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Ban Ki-moon warns Uzbekistan on human rights

Ban Ki-moon poses with Uzbek students on 5 April 2010
Ban Ki-moon is on a six-day tour of Central Asian nations
UN Secretary General Ban Ki-moon has called on Uzbekistan to improve its human rights record.
Speaking in Tashkent, Mr Ban said Uzbekistan had to put the international agreements it had signed on torture and civil rights fully into practice.

Rights groups and western countries have accused Uzbek authorities of abuses, including torture, and repressing political dissent.
President Islam Karimov, who later met Mr Ban, denies there are such abuses.
Mr Ban is on a six-day tour of Central Asian nations.
On Sunday he visited the Aral Sea - the once-vast lake that has shrunk to about 10% of its original size as a result of Soviet-era irrigation projects.
Calling it one of the world's worst environmental disasters, Mr Ban promised UN assistance in dealing with the catastrophe.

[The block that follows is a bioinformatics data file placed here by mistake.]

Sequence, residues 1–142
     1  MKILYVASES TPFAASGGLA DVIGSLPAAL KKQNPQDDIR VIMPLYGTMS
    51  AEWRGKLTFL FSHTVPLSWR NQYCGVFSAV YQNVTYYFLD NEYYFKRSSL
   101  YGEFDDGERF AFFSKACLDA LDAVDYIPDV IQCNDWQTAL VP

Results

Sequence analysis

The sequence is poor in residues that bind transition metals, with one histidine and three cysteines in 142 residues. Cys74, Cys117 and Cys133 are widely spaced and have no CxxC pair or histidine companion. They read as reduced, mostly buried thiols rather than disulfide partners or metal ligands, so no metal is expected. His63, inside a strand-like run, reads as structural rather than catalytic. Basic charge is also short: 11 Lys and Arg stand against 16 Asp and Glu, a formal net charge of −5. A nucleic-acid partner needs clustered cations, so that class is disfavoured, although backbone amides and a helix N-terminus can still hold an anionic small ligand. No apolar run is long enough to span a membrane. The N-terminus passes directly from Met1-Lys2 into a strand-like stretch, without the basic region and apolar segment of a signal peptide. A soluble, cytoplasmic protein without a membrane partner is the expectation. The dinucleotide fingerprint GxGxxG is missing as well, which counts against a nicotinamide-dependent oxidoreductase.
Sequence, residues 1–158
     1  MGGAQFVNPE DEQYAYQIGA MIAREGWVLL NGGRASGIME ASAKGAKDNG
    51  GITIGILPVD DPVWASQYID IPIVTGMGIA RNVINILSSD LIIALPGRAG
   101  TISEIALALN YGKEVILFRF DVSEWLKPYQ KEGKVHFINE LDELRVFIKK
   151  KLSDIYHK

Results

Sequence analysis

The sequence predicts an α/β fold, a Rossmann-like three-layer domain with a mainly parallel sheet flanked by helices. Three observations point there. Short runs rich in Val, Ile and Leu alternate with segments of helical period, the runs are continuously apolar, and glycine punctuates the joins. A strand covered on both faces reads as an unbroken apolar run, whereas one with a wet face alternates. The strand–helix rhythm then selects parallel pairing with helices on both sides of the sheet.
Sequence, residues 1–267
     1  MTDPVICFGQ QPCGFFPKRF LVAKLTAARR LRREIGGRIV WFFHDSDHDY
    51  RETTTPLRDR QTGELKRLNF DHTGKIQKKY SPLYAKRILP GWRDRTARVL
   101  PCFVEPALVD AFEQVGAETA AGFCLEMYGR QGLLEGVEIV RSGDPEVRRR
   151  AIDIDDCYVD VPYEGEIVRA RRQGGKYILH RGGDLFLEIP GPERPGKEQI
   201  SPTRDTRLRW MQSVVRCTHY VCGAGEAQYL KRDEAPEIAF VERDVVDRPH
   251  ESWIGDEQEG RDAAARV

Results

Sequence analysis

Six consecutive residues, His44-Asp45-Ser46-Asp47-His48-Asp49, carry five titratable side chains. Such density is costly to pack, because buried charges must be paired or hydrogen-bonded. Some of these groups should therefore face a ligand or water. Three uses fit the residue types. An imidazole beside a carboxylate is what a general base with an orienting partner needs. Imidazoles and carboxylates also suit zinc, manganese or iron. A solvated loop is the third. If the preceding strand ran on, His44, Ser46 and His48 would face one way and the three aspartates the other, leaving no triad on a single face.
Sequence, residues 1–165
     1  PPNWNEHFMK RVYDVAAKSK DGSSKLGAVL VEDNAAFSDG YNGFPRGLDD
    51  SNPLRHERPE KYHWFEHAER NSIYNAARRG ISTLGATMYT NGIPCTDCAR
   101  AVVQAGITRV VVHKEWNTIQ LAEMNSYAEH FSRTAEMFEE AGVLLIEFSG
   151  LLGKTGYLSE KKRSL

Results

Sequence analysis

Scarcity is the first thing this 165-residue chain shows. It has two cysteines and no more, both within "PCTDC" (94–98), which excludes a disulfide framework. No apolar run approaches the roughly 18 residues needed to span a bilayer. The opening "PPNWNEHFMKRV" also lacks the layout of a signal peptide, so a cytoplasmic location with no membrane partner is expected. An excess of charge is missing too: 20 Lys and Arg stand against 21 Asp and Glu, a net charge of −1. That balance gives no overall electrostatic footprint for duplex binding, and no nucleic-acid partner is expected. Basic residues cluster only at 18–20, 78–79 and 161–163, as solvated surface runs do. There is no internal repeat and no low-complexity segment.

'Time to deliver'
Mr Ban's visit to Uzbekistan came less than two weeks after the country was criticised in a report by the UN Human Rights Committee.
Ban Ki-moon visist the Aral sea on 4 April 2010 (Image: United 
Nations Photos)
Mr Ban visited the Aral Sea, calling it an environmental disaster
The committee said Uzbekistan had failed properly to investigate a bloody government crackdown on protesters in Andijan in 2005.
It also expressed concern over reports of torture by security personnel, the harassment of journalists and activists, and queried the independence of the judiciary.
Mr Ban did not give specific examples, but he told students at a university in Tashkent that it was time for the country to make progress.
"You have an important place in the universal agreements that bind us as a community of nations," he said. "It is time to deliver. To put them fully into practice."
He later met Mr Karimov, who has ruled Uzbekistan for two decades, telling him he expected the government to "lead by example".
Mr Ban is now travelling to Tajikistan.

BBC NEWS

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